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What is the Most Common Treatment for Umbilical Hernia in Adults?

By K. Gierok
Updated Mar 03, 2024
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The most common treatment for umbilical hernia in adults is rest. These types of hernias typically happen when part of the intestine bulges through the abdominal wall near the belly button, which is where the “umbilical” part of the name comes from. It’s usually caused by weak abdominal muscles, and most of the time the intestines will get back in place all on their own. For this reason, rest is the most commonly recommended treatment; patients are usually advised to spend most of each day being still, avoiding strain, and staying away from activities like strenuous exercise, stretching, and lifting that involve the abdominal muscles. If this doesn’t work, healthcare providers often prescribe a series of pharmaceutical drugs to help speed the body’s own repair process. In extreme cases, surgery may be the best treatment option, though this is usually considered a last resort.

Why Hernias Happen in Adults

Umbilical hernias are usually most common in babies under a year of age, and they typically happen in these cases when the umbilical opening doesn’t quite seal properly after birth. In the case of adult patients, though, the cause is most likely some sort of new abdominal muscle weakness. People who have been through abdominal surgery are some of the most likely candidates, particularly if they haven’t healed properly. Women who have experienced multiple pregnancies in short succession are sometimes also at risk, as are those who are obese. The biggest cause factor is pressure or strain on the abdominal muscles that weakens them to the point that they can no longer stand up against the intestines.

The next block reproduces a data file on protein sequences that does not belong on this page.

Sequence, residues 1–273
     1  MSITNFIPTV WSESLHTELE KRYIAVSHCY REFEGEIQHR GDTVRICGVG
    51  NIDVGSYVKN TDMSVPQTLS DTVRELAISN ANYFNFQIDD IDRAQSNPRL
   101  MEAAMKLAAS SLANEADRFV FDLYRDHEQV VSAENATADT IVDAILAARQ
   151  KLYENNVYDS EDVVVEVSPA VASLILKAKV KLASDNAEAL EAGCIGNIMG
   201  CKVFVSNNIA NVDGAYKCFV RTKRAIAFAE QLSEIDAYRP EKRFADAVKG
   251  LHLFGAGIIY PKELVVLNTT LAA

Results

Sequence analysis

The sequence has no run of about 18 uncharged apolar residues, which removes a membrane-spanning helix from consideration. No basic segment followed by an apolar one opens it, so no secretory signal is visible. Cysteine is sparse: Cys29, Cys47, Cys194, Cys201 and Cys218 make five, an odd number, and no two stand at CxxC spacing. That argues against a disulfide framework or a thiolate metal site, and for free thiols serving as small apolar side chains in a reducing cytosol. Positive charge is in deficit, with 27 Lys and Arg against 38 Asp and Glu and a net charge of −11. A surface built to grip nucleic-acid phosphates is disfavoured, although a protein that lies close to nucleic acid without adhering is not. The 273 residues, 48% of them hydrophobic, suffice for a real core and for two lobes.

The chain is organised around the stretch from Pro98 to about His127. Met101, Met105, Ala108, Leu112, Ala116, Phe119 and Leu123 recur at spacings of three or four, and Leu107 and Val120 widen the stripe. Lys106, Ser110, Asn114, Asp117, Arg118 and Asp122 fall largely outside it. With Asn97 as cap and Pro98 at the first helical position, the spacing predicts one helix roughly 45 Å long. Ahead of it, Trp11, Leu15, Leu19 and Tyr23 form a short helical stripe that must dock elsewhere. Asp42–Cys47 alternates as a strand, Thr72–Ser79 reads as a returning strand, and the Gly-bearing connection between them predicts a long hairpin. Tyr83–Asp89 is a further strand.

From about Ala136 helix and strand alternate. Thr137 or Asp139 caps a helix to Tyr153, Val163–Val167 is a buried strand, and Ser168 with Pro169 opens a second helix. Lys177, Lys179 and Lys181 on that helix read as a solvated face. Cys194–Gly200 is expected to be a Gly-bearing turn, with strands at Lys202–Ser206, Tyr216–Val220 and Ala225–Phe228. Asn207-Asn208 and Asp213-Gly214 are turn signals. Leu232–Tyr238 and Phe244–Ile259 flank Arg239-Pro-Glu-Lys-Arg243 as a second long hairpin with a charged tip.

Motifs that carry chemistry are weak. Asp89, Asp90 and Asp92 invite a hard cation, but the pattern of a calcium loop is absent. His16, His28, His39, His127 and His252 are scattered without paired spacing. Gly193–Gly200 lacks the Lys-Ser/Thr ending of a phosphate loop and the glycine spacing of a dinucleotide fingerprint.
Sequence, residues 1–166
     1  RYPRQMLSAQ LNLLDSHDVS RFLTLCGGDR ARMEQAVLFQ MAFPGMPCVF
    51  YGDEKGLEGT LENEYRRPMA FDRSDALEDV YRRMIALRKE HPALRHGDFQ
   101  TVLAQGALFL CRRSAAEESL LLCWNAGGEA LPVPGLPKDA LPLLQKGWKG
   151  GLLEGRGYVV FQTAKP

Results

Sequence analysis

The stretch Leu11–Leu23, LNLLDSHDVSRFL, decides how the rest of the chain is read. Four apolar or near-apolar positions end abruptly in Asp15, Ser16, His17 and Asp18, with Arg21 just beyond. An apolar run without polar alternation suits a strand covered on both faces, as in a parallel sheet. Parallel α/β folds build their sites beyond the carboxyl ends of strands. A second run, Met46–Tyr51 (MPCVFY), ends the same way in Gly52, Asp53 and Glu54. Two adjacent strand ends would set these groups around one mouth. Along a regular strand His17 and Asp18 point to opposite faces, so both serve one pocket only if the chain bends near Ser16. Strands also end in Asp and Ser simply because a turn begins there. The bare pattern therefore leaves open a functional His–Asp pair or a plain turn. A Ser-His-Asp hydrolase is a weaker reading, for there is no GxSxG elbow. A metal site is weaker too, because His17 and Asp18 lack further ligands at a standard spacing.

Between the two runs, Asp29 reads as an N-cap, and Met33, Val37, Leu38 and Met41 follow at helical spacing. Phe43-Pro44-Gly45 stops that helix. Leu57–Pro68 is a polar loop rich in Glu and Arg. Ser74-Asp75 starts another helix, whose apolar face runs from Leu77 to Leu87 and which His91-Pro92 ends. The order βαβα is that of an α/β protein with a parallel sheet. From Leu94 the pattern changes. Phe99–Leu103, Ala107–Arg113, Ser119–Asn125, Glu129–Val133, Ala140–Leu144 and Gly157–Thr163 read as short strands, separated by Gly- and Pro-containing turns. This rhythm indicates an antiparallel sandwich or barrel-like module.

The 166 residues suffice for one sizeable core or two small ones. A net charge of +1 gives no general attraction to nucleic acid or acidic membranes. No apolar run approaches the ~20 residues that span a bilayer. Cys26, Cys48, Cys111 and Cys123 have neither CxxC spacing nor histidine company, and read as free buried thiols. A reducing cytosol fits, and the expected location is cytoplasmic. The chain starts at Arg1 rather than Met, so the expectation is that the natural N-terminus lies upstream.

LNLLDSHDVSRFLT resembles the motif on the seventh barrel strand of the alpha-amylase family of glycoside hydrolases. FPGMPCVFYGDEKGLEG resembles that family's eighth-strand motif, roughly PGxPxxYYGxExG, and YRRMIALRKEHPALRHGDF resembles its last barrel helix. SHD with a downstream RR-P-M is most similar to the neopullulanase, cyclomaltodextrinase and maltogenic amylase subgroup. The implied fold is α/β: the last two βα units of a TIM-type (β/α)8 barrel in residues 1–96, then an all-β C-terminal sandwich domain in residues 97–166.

Importance of Rest

The most common form of treatment for umbilical hernia in adults is rest. Patients are usually encouraged to avoid lifting, pushing, or otherwise moving heavy objects. “Rest” in this context is usually pretty broadly understood. People aren’t usually bedridden, but they are usually encouraged to be more conscious of their movements and to spend more time sitting and reclining and doing “still” or “quiet” activities. Those who are required to perform heavy lifting and loading as part of their work may need to take a leave of absence or seek a temporary transfer to a job that involves more sitting in order to ensure full treatment of the condition. Depending on location, people in this position can sometimes apply for short-term disability or other forms of assistance during unemployment, though medical certification is usually required.

Medical Intervention

Rest alone isn’t always enough, though. Patients are usually encouraged to come in for regular check-ups, and if healthcare providers feel that the condition is not improving — or simply that it’s not improving fast enough — they frequently also prescribe drugs to help speed the process along. In most cases, those who are given prescription medications will be required to take the drugs for a significant period of time, often months or years at a time. This both ensures healing and prevents recurrence.

No pharmaceuticals come without side effects and interaction warnings, and patients should work with their physician, nurse, or pharmacist to make sure that the medications will not interfere with other prescription drugs they may be taking or activities like smoking that they engage in. In addition, patients may need to eliminate from their diet certain foods and beverages, such as grapefruit or grapefruit juice, in order to prevent drug interactions.

Surgical Repair Options

More severe or stubborn cases sometimes require surgical intervention. When done properly, surgery to repair an umbilical hernia can make the abdominal wall just as strong as it was prior to the development of the condition. Like most surgeries, though, it carries risks, and it often takes a long time to heal. It isn’t commonly performed on the elderly, the very young, or those who may currently be suffering from a weak immune system. Patients who are interested in surgical repair are often required to undergo medical counseling in order to make sure that surgery is, in fact, a viable option for them, and to be sure that they don’t have medical or lifestyle factors that might jeopardize proper healing.

The Health Board is dedicated to providing accurate and trustworthy information. We carefully select reputable sources and employ a rigorous fact-checking process to maintain the highest standards. To learn more about our commitment to accuracy, read our editorial process.
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